DAMAGES OR LOSS - The monetary consequence which results from injury to a thing or a person.
CONSEQUENTIAL DAMAGES - As opposed to direct loss or damage -- is indirect loss or damage resulting from loss or damage caused by a covered peril, such as fire or windstorm. In the case of loss caused where windstorm is a covered peril, if a tree is blown down and cuts electricity used to power a freezer and the food in the freezer spoils, if the insurance policy extends coverage for consequential loss or damage then the food spoilage would be a covered loss. Business Interruption insurance, extends consequential loss or damage coverage for such items as extra expenses, rental value, profits and commissions, etc.
LIQUIDATED DAMAGES - Are a payment agreed to by the parties of a contract to satisfy portions of the agreement which were not performed. In some cases liquidated damages may be the forfeiture of a deposit or a down payment, or liquidated damages may be a percentage of the value of the contract, based on the percentage of work uncompleted. Liquidated damages are often paid in lieu of a lawsuit, although court action may be required in many cases where liquidated damages are sought. Liquidated damages, as opposed to a penalty, are sometimes paid when there is uncertainty as to the actual monetary loss involved. The payment of liquidated damages relieves the party in breech of a contract of the obligation to perform the balance of the contract.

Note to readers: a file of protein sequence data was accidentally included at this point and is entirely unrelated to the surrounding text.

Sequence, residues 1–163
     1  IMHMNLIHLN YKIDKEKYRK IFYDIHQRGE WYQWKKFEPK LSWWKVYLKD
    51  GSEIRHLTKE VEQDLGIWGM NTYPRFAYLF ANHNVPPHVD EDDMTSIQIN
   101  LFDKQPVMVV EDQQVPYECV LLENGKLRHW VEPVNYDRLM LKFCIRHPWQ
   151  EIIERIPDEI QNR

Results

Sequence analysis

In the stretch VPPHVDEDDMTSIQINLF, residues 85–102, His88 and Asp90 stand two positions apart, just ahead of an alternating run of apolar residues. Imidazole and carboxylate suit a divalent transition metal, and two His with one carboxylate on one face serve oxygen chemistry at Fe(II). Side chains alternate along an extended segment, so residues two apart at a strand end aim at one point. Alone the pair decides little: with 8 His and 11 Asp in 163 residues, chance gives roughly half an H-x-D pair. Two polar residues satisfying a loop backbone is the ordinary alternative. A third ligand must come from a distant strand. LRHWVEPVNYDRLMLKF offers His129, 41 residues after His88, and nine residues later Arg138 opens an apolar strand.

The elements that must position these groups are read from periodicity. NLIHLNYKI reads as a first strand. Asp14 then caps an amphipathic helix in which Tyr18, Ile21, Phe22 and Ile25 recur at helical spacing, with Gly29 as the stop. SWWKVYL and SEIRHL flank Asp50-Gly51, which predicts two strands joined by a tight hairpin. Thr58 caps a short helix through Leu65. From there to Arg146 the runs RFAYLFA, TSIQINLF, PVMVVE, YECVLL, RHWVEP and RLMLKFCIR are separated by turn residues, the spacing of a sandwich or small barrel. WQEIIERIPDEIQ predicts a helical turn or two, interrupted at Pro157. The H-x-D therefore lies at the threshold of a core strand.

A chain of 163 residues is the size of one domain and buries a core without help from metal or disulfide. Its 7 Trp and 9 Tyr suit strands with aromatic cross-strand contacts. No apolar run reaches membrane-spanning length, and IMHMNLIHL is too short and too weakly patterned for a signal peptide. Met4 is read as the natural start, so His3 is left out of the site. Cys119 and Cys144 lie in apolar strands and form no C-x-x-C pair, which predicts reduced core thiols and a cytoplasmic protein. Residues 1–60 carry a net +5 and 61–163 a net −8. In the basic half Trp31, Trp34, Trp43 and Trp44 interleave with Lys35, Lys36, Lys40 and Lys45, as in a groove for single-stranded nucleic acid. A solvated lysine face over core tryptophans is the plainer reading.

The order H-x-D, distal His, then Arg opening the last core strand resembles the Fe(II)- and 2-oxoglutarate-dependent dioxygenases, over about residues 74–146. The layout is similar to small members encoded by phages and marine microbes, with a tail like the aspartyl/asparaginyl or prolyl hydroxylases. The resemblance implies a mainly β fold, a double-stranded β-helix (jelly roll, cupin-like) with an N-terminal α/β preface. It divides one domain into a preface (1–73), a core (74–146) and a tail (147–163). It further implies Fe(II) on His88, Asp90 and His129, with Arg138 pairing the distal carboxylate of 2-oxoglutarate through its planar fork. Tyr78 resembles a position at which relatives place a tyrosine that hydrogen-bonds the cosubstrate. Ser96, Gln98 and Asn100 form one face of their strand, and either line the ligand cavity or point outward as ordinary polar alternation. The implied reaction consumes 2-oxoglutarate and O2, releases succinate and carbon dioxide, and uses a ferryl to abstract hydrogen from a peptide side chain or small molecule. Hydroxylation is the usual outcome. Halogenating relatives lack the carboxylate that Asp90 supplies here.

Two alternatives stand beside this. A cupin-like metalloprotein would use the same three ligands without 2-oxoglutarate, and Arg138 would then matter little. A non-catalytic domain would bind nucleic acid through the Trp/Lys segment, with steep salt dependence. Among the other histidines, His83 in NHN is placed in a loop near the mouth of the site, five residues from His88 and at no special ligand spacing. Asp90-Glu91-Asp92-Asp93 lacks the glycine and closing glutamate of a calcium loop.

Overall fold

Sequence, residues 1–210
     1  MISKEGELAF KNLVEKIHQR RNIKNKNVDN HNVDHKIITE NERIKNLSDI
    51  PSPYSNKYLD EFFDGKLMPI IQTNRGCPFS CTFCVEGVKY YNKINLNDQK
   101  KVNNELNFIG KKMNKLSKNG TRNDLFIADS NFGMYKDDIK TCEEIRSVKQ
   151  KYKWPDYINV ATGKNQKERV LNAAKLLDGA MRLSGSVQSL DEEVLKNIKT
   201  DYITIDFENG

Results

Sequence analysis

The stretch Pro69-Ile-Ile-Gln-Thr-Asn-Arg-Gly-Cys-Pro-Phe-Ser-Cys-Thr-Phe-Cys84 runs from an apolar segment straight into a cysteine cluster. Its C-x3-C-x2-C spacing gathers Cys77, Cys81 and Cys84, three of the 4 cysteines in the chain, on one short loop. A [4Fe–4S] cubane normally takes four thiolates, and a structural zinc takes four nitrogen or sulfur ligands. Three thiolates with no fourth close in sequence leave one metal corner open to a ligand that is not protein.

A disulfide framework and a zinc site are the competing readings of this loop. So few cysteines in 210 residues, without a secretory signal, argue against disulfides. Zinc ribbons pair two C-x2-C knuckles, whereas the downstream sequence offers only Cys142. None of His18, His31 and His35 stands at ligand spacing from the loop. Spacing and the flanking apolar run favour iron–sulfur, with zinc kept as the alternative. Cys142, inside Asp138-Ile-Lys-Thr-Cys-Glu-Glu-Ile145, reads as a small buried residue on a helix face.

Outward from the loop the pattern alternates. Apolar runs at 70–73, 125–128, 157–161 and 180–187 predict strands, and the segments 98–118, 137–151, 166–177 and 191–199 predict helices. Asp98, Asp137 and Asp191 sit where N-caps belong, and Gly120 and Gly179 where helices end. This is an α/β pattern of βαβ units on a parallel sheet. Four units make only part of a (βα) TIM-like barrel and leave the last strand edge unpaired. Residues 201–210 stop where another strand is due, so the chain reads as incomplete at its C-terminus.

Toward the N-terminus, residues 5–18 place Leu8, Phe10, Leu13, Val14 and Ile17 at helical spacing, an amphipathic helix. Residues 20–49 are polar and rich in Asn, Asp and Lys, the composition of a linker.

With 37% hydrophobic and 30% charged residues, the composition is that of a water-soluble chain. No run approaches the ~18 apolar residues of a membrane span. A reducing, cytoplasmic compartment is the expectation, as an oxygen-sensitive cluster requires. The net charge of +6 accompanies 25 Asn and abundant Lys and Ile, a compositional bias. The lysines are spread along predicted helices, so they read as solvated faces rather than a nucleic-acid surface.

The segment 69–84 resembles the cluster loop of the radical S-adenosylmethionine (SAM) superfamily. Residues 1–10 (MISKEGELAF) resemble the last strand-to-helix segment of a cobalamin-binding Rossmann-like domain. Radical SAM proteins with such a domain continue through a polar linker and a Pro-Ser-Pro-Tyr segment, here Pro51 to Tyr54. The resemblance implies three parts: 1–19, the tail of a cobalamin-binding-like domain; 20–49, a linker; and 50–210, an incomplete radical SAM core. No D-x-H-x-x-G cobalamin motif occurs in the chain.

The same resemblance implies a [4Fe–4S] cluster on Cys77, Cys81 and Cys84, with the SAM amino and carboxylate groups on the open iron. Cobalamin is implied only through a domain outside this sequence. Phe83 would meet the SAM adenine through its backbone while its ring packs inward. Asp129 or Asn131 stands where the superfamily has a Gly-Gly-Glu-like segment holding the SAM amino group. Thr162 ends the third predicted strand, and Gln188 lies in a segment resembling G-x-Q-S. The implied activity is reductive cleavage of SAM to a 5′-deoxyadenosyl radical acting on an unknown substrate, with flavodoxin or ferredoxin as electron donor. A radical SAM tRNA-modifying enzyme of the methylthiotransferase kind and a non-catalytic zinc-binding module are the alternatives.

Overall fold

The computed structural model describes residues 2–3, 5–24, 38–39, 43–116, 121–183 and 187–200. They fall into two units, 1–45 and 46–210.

SUBROGATION - "To stand in the place of" Usually found in property policies (first party) when an insurance company pays a loss to an insured or damaged to the insureds property, the insurer stands in the shoes of the insured and may pursue any third party who might be responsible for the loss. For example, if a defective component is sold to a manufacturer to be used in his product and that product is damaged due to the defective component. The insurance company who pays the loss to the manufacturer of the product may sue the manufacturer of the defective component.
Subrogation has a number of sub-principles namely:
The insurer cannot be subrogated to the insureds right of action until it has paid the insured and made good the loss.
The insurer can be subrogated only to actions which the insured would have brought himself.
The insured must not prejudice the insurer's right of subrogation. Thus, the insured may not compromise or renounce any right of action he has against the third party if by doing so he could diminish the insurer's right of recovery.
Subrogation against the insurer. Just as the insured cannot profit from his loss the insurer may not make a profit from the subrogation rights. The insurer is only entitled to recover the exact amount they paid as indemnity, and nothing more. If they recover more, the balance should be given to the insured.
Subrogation gives the insurer the right of salvage.
In its history of providing insurance services to its clients for over thirty years, Nausch Hogan & Murray has provided coverage for all areas of liability - both on land and at sea.
Over the years Nausch Hogan & Murray has found it helpful to draft a glossary of useful insurance terms that come up time and again in discussions with an insured concerning their coverage needs. We hope these help you as well.
Article Source: https://EzineArticles.com/expert/Carmen_A._Russo/197821